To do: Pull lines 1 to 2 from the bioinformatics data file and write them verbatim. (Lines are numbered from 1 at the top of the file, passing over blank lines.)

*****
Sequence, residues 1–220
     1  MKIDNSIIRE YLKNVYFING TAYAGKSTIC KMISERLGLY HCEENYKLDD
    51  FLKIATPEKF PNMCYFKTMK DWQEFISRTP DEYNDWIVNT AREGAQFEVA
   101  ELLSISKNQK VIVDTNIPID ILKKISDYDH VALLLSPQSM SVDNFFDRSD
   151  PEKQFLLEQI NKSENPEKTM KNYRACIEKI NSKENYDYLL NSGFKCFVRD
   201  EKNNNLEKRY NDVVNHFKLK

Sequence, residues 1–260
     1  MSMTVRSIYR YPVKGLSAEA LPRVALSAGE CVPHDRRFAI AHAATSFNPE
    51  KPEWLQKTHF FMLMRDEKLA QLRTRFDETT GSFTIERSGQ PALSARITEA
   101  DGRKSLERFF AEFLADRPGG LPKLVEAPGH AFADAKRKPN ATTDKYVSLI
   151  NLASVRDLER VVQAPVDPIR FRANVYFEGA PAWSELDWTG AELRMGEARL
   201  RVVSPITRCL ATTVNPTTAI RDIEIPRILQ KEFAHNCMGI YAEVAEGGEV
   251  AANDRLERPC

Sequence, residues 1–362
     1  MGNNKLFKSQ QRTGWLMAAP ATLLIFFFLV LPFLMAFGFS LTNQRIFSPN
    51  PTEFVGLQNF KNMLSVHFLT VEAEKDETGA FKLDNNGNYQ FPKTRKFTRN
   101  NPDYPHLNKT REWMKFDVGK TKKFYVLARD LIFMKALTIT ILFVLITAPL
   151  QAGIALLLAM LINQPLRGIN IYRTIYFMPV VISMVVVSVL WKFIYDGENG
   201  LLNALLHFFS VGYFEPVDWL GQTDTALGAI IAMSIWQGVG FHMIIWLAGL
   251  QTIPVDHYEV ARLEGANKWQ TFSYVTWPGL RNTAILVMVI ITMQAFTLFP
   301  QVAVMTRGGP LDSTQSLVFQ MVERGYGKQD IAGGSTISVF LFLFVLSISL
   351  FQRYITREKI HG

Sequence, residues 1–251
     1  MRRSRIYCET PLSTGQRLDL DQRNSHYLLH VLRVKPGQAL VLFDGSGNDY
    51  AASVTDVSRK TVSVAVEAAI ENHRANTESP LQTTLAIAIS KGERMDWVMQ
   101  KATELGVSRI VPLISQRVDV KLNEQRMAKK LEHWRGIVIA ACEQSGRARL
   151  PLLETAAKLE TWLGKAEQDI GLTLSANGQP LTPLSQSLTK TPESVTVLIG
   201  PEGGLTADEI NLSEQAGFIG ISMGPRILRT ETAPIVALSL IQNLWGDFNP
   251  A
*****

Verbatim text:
Sequence, residues 1–220
     1  MKIDNSIIRE YLKNVYFING TAYAGKSTIC KMISERLGLY HCEENYKLDD